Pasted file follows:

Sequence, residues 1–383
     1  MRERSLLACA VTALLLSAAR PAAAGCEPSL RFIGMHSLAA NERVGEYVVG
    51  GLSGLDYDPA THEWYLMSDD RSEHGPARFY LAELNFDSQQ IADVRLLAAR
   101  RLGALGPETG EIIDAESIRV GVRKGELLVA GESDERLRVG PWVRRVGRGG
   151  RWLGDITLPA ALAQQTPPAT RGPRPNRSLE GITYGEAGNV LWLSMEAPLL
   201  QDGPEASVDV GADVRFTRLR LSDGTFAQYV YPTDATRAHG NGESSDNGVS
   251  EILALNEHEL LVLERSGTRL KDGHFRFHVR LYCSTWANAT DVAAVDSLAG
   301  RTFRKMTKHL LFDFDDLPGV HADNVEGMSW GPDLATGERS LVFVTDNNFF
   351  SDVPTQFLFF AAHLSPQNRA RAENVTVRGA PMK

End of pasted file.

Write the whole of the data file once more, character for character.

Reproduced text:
Sequence, residues 1–383
     1  MRERSLLACA VTALLLSAAR PAAAGCEPSL RFIGMHSLAA NERVGEYVVG
    51  GLSGLDYDPA THEWYLMSDD RSEHGPARFY LAELNFDSQQ IADVRLLAAR
   101  RLGALGPETG EIIDAESIRV GVRKGELLVA GESDERLRVG PWVRRVGRGG
   151  RWLGDITLPA ALAQQTPPAT RGPRPNRSLE GITYGEAGNV LWLSMEAPLL
   201  QDGPEASVDV GADVRFTRLR LSDGTFAQYV YPTDATRAHG NGESSDNGVS
   251  EILALNEHEL LVLERSGTRL KDGHFRFHVR LYCSTWANAT DVAAVDSLAG
   301  RTFRKMTKHL LFDFDDLPGV HADNVEGMSW GPDLATGERS LVFVTDNNFF
   351  SDVPTQFLFF AAHLSPQNRA RAENVTVRGA PMK